Lucy Denyer: 'Like Marie Kondo, Jane Austen knew the value of a tidy hot press'
In these turbulent political times, thank goodness for Jane Austen, who once again has reminded us where true contentment lies: to whit, a well-stocked linen cupboard and a home where everything has its place.
I can’t be the only one who sighed with pleasure on reading the recently discovered remnants of one of Jane’s letters to her sister Cassandra, written in 1813, detailing her advice to her brother Henry’s French housekeeper.
“I have given Mde B my Inventory of the linen”, she writes, “and added 2 round towels to it.” Tantalisingly, Austen adds that Madame Bigeon has “shewn me all her storeplaces”, but alas, does not go into detail as to what they may contain.
Oh for a copy of Jane Austen’s linen inventory. Because is there anything more pleasing in life than a bounteous supply of perfectly laundered towels?
A cupboard full of serried ranks of neatly ironed sheets? A home stuffed with “storeplaces” for all of life’s essentials?
When I worked as a property journalist, my absolute favourite part of the job was going round houses and cooing over cunning hiding places. Deep cupboards in the bathroom! A pull-out larder in the kitchen! A pantry!
Crammed into a tiny flat, I could only dream of such riches, before going home to fold towels and reorganise my fridge.
As ever, Austen was way ahead of her time on the satisfaction that a well-ordered home can bring. Just look at the runaway success of Marie Kondo and the thousands like her who have sprung up to advise us on how best to organise our living spaces.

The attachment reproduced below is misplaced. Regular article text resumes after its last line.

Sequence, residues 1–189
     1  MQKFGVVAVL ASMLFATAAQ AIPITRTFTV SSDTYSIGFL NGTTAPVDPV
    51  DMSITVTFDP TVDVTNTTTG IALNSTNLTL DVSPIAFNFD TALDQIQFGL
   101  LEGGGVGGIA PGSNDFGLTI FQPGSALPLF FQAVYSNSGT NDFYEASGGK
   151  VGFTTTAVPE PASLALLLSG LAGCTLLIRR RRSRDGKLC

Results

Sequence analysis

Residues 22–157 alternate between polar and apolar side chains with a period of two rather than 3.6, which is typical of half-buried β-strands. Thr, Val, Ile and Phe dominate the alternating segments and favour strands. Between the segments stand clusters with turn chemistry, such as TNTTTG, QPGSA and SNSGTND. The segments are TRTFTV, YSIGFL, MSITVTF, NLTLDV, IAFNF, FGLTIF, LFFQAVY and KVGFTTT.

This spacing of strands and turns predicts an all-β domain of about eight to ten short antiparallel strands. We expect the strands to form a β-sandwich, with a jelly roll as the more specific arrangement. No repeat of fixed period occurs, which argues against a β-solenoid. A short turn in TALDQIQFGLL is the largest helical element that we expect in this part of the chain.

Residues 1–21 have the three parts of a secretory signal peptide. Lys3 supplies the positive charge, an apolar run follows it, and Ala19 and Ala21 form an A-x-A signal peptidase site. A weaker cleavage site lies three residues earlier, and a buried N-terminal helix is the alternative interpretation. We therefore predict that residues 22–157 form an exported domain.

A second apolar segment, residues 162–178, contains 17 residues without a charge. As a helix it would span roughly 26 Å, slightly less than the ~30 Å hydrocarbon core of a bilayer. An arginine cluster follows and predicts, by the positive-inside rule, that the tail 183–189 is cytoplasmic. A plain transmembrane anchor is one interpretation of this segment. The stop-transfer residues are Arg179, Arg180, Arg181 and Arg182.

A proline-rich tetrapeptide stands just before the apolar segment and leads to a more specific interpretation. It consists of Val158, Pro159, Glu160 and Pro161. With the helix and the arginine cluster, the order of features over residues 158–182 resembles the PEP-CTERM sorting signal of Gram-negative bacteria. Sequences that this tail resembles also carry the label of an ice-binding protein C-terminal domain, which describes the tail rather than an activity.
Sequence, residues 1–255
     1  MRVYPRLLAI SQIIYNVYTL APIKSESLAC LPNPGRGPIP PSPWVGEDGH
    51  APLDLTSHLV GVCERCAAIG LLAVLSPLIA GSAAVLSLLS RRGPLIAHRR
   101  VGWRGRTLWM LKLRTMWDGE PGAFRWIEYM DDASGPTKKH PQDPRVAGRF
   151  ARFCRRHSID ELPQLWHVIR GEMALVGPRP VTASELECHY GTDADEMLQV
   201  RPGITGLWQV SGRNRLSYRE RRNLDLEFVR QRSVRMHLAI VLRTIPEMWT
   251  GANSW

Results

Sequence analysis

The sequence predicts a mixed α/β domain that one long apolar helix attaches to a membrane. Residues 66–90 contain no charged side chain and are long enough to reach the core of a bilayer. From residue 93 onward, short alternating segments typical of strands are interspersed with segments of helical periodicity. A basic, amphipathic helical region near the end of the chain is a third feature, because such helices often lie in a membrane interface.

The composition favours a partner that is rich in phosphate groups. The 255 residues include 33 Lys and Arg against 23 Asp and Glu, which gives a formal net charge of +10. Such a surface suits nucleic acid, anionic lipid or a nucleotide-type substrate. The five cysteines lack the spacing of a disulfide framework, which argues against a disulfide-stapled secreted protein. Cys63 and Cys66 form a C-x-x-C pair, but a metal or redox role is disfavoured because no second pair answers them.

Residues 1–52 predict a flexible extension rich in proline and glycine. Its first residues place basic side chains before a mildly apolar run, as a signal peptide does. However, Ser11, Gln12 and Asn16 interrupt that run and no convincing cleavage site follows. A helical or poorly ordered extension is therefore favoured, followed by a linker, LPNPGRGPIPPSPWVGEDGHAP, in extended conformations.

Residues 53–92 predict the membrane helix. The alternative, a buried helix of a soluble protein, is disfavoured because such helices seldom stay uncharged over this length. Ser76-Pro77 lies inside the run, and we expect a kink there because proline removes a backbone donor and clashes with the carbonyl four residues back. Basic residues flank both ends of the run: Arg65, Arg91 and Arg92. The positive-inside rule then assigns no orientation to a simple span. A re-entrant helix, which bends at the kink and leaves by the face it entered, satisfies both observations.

If she’d been around today, Austen could have made a killing as queen of them all, and round towels would top all the best-dressed wedding lists.
It’s easy to dismiss such domestic trivia, of course. Is it not a bit, well, trivial to care what the inside of your bathroom cupboard looks like? Is this not just domestic drudgery repackaged with visual appeal? Surely if we really cared about important things – saving the world, the emancipation of women from their domestic chains – we would stop fretting about how many towels we have, or whether the bedsheets are ironed.
But the two are not incompatible. Set your house in order, and all else follows.
The novelist Kate Atkinson tidies her drawers when she’s brewing a new book.
It is, she says, the perfect mindless activity that allows her creative thoughts to roam untramelled, with the added bonus of tidy drawers at the end of it. Me? I clean the kitchen while I’m conducting phone conversations, organise the bookshelves when I’m discussing politics with my husband, and cook when I’ve got a particularly vexing problem to deal with.
Turmoil is best addressed with a spot of tidying, I find – it’s a way of getting a handle on things when all about you is running out of control.
But even if I’m not wrestling with problems, a tidy house has the capacity to bring deep satisfaction. A sofa with perfectly plumped cushions, ready to sink into, a full fridge, a basket of freshly ironed laundry, or a casserole bubbling on the stove – these are signs that all is well with the world.
So hurrah for Austen for reminding us of the joy of domestic detail. And if anyone finds that laundry list, I’d be forever grateful.
© The Daily Telegraph
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